By​ ​Courtney​ ​Emken
co-written​ ​by​ ​​Jen​ ​Larson,​ ​KPA-CTP

In the past, we’ve discussed the dangers of retractable leashes, and why we hate choke chains. And today, we want to share our list of the absolute worst collars and harnesses. The list ranges from aversive tools no one should EVER use, to ineffective equipment owners should avoid.

Without further ado, here are the top five worst dog collars and harnesses:

#1 The Prong Collar

If you follow our blog, then you probably guessed the first entry on our list. The prong collar earns the number one spot due to its incredible health risks. For instance, you can:

Plus, you’re not only physically damaging your dog, but emotionally harming them as well. Aversive tools may make dogs obey, but they do so through fear instead of trust. Your relationship with your dog could suffer dramatically, and might never be completely repaired.

German prong collars, and collars that use plastic prongs instead of metal are no exception. Even if they’re slightly less painful, they still use pain as a motivator for obedience. No amount of measures implemented for pain reduction can change the harmful nature of an aversive tool.

To help people understand how prong collars feel, we use the four finger test.Take four fingers and press them against your neck. Then, remove the fingers one by one, without decreasing pressure. Afterwards, remember that a prong is much smaller than a finger!

#2 The Choke Chain

We’ve talked about choke chains before, and they haven’t gotten any better. It’s a single piece of chain with two different-sized loops attached to it. The chain loops around a dog’s neck like a collar, and squeezes their neck depending on how hard it’s being pulled.

The biggest danger of a choke-chain is that there’s no limit to how much it constricts. When a choke chain is pulled, it will just continue to get smaller and smaller. There are no safety measures in place to prevent the choke chain from choking your dog to death.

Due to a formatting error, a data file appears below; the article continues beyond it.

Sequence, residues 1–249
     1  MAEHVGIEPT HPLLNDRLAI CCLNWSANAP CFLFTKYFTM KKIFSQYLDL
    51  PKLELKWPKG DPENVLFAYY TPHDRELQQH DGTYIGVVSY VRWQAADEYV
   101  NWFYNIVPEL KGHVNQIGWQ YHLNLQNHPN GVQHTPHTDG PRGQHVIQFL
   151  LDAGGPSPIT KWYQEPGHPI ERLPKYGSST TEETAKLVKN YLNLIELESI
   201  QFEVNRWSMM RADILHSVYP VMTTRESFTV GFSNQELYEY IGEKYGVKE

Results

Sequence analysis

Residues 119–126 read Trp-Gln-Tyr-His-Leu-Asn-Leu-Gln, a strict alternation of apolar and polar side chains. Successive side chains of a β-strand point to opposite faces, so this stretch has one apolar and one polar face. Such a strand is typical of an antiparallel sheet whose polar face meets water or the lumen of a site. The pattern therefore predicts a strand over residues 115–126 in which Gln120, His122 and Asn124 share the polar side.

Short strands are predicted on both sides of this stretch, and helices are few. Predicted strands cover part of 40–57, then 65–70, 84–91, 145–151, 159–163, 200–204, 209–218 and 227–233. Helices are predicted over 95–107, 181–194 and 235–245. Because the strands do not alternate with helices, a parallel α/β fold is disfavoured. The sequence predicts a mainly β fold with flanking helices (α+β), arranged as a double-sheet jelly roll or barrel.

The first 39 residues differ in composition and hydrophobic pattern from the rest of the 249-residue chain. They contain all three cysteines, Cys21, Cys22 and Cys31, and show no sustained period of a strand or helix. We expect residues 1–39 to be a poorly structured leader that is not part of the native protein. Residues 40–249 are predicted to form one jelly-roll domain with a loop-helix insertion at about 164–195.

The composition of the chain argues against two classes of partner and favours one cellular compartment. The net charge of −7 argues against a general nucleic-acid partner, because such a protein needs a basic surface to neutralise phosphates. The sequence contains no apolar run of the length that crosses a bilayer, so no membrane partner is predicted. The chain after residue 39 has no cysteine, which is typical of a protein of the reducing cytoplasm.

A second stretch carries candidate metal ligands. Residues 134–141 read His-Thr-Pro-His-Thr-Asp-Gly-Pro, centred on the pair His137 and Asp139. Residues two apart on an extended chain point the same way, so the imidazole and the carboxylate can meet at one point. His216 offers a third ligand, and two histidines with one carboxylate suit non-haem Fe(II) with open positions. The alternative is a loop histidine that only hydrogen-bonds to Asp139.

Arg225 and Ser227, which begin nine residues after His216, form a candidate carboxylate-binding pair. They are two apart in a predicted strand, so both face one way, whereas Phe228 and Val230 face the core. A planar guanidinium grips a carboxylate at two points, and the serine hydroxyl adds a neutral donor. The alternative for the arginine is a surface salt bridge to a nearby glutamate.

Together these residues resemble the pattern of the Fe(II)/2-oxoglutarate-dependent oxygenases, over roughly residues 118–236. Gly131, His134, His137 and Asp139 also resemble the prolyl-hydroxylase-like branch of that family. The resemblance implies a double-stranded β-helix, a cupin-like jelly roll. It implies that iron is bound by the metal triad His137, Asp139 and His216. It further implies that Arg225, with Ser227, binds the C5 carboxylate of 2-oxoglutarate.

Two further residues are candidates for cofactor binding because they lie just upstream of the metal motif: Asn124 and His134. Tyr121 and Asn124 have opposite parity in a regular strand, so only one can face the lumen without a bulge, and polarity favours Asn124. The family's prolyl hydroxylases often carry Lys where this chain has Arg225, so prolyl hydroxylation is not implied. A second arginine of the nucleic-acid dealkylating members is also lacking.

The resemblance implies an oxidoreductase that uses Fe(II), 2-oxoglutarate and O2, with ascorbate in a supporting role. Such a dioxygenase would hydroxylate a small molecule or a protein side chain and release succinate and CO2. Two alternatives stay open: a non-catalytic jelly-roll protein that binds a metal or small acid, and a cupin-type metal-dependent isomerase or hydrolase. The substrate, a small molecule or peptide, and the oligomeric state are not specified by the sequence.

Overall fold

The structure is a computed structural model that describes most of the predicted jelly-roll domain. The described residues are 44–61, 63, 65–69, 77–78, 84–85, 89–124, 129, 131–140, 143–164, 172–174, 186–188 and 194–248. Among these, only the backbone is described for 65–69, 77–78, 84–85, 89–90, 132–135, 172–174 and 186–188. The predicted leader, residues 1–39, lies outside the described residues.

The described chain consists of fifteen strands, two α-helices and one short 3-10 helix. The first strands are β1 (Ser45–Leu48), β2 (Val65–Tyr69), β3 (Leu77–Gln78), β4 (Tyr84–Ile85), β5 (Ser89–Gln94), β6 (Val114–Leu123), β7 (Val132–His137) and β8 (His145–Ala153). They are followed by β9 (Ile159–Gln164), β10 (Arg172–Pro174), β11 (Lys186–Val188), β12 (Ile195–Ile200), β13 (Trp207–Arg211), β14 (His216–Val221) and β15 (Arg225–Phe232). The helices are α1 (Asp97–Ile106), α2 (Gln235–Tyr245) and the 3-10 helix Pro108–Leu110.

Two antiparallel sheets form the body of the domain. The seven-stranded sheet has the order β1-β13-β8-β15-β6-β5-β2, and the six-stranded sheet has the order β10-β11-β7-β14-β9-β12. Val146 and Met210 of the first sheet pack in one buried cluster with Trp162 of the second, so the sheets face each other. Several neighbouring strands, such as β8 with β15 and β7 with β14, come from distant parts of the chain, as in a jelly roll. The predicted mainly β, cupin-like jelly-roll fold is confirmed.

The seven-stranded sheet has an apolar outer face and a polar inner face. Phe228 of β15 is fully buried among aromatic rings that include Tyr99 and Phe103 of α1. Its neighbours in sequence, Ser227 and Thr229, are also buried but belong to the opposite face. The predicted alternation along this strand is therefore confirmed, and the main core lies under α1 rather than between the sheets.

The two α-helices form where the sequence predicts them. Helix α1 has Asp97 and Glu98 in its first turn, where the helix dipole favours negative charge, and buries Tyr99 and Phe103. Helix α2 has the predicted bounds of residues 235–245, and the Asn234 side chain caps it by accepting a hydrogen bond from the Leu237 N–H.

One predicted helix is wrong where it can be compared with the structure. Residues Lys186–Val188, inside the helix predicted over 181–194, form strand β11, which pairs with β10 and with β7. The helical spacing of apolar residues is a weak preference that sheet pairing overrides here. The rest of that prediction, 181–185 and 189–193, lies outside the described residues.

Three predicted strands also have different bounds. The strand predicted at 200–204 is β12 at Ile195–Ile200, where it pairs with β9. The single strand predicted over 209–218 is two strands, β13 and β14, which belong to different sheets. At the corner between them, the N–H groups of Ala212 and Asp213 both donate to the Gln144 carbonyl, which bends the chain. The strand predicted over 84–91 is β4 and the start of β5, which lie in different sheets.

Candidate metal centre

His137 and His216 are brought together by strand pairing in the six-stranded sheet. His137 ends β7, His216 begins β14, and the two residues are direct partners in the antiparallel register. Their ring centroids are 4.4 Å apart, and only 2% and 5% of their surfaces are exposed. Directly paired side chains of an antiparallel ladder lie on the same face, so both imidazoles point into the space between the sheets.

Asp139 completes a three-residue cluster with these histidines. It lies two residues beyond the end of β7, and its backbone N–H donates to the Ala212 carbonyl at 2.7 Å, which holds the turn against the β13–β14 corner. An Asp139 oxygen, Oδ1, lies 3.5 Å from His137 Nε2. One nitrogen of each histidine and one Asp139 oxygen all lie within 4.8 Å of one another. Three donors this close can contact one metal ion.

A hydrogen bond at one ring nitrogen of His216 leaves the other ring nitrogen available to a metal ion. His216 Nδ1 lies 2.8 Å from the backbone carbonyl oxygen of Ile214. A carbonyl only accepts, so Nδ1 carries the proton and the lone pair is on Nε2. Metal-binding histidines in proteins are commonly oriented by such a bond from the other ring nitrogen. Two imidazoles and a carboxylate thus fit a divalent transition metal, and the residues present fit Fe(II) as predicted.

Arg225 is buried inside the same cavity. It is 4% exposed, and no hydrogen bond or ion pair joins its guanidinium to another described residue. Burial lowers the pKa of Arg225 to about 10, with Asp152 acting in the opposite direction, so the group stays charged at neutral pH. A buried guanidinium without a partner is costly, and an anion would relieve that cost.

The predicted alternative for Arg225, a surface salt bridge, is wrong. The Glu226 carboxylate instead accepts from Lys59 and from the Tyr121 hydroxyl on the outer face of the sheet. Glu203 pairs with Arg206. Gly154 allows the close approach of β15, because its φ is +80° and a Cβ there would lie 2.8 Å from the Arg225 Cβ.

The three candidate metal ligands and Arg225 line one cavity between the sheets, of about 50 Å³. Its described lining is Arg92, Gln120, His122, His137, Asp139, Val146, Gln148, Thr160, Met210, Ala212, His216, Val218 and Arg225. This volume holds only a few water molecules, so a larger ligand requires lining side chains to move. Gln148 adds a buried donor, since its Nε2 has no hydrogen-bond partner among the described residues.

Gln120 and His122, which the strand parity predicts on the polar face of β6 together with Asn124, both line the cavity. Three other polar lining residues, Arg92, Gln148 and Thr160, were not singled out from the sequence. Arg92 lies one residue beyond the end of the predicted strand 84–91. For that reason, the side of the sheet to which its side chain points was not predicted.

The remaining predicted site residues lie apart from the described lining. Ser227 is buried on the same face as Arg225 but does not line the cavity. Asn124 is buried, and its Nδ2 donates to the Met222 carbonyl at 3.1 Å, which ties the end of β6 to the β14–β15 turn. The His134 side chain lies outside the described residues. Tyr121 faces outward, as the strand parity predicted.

While it’s unlikely that a choke chain will cause death, they’re also an aversive tool. They cause dogs significant pain, and have similar risks and consequences to a prong collar. They will teach your dog to be afraid of you instead of excited by you.

#3 The E-Collar or Electronic Collar

“E-Collar” and “Electronic Collar” are both euphemisms for the shock collar. Many people buy these tools assuming they’ll only use them in vibration mode. There are a couple of problems with this:

  1. Vibrations, however small, are still aversive corrections
  2. There’s always the temptation to increase the voltage when you don’t see results

The vibrations don’t actually teach the dog either, they just make them fearful. Without proper training and trust built between dog and owner, there’s a chance that the owner may resort to using actual shocks when the dog isn’t deterred by vibrations any longer.

#4 Citronella Collar

This collar is further down the list because it doesn’t have the same potential for serious bodily harm as the others. However, it can still cause considerable discomfort for dogs. What’s worse is that Citronella collars only confuse your dog, not train them.

The way Citronella collars function is that the they spray Citronella Oil directly into a dog’s face when they bark. While that may not seem so serious to us, dogs have an incredibly powerful nose. Instead of just sniffing an unpleasant odor, it’s like they’re being smashed in the face by it.

Many people assume that since the collar sprays only when the dog barks, they’ll eventually associate the spray with barking and stop doing it. However, they’ll actually associate whatever they’re looking at with the pain or discomfort… which could include you!

#5 Back-Clip Harnesses

The back-clip harness is low on our list because it doesn’t directly cause harm to dogs. Most people pick one up thinking that it will make their walks easier, especially if their dog pulls. Unfortunately, these harnesses can actually make pulling worse.

We once had a client whose dog started to vigorously pull during walks. We discovered that he had just begun to use a back-clip harness with him. Not only does the harness reinforce pulling for dogs, but it also allows them to put more power into their pull too.

If your dog isn’t much of a puller, then this style of harness might be ok. My little Chiweenie Noodle pulls like one of Santa’s reindeer: jumping in the air and trying to steer me. Luckily, Noodle only weighs nine pounds. Even when I use a back-clip harness, he can’t cause much hassle on walks. But my 80 lb. Dane/Lab mix Rebel is a different story altogether.

Generally, we recommend using a front-clip harness instead, like the SENSE-ation harness. We also like the Freedom harness, which has two attachments on the front and back. You can use both attachments for greater control during walks, the front attachment for loose-leash walking, and the back one for walking or running together.

There’s always a more positive solution for pulling than using tools that cause pain or discomfort. If you need help with a pulling dog, or know someone who does, please contact us today. Our trainers are experts in positive methods, and have never met a dog they couldn’t help.

Image Permissions

Prong Collar by swong95765

Sad Dog by Elise Ramsey

Wacky Dog Harness by masayoshi hoshiba